Changing Institutional and Professional Profile Academic field : In 1969, more than 2/3 faculty were in the traditional arts and sciences disciplines pursuing their graduate education and their early career in perfect lockstep pattern. By the early 2000s, the disciplinary balance had radically shifted towards the professions, especially the health professions. Among new faculty recruits, the majority are now in the professions –higher and lowerand drawn as frequently from professional practice as from an insular and clearly identifiable pre- service career track. Institutional venue : In 1969,about half the faculty were employed in research universities and the remainder distributed, for the most part, over other four-year institutions. Today, the proportion of faculty residing in research universities has shrunk to barely 2/5; and most of the recruitment is being done by other than research universities for other than research roles. Type of appointment: In 1969, virtually all faculty positions were full-time, tenure eligible career tracks. Every incumbent was expected to play roughly the same integrated role consisting of teaching, research and service. Beginning with a vengeance in the 1970s, the ranks of part-time appointments swelled. And, beginning in the 1980s, full-time appointees were increasingly routed into fixed-term contract appointments and off the tenure track. Indeed, for at least the last 15 years, the majority of all new full-time hires have been to fixed contract, temporary appointments. These appointments reflect not merely differences in the duration and permanence prospects of contracts, but a re-definition of the work role itself. Contract appointments typically entail more specialized roles – teaching only, research only, program director only – and often preclude formal involvement in academic governance.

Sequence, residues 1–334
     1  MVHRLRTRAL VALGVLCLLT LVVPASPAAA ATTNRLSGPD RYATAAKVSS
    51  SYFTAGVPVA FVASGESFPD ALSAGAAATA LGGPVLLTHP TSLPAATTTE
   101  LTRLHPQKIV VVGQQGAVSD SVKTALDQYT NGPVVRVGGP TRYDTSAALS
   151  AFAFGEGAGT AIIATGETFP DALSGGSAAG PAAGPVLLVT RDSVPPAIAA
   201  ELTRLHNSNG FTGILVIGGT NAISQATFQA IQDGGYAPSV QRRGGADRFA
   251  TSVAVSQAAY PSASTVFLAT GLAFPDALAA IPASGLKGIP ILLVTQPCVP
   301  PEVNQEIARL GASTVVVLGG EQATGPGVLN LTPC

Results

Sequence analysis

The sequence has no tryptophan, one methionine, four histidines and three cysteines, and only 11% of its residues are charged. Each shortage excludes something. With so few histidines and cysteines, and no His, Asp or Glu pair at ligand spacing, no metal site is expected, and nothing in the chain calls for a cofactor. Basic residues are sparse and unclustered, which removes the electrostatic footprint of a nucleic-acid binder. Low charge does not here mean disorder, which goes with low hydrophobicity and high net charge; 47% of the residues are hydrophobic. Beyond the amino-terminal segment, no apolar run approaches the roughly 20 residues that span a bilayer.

What Do These Changes Mean? A Temporary Dislocation? Swing of the Pendulum? Academic Business Cycle? A Structural Re-alignment ?– as system re-equilibrates to a new economic (global, knowledge-based) order?
A Swing of the Pendulum? Temporary Dislocation? Bowen and Schuster (1986) had predicted faculty supply shortages when the swelling baby boomlet hit college age in the first decade of the 21 st century (Bowen and Schuster, 1986). Carol Frances (2000) had predicted a surge in demand for faculty in response to continuing expansion of traditional student demand – albeit warning of the unpredictable effects of the new digital instructional technologies Most recently, David Leslie (2007) predicted widespread retirements of baby-boomer faculty amid the relative underdevelopment of the under 40 junior faculty ranks would drive a crisis in replenishing the faculty.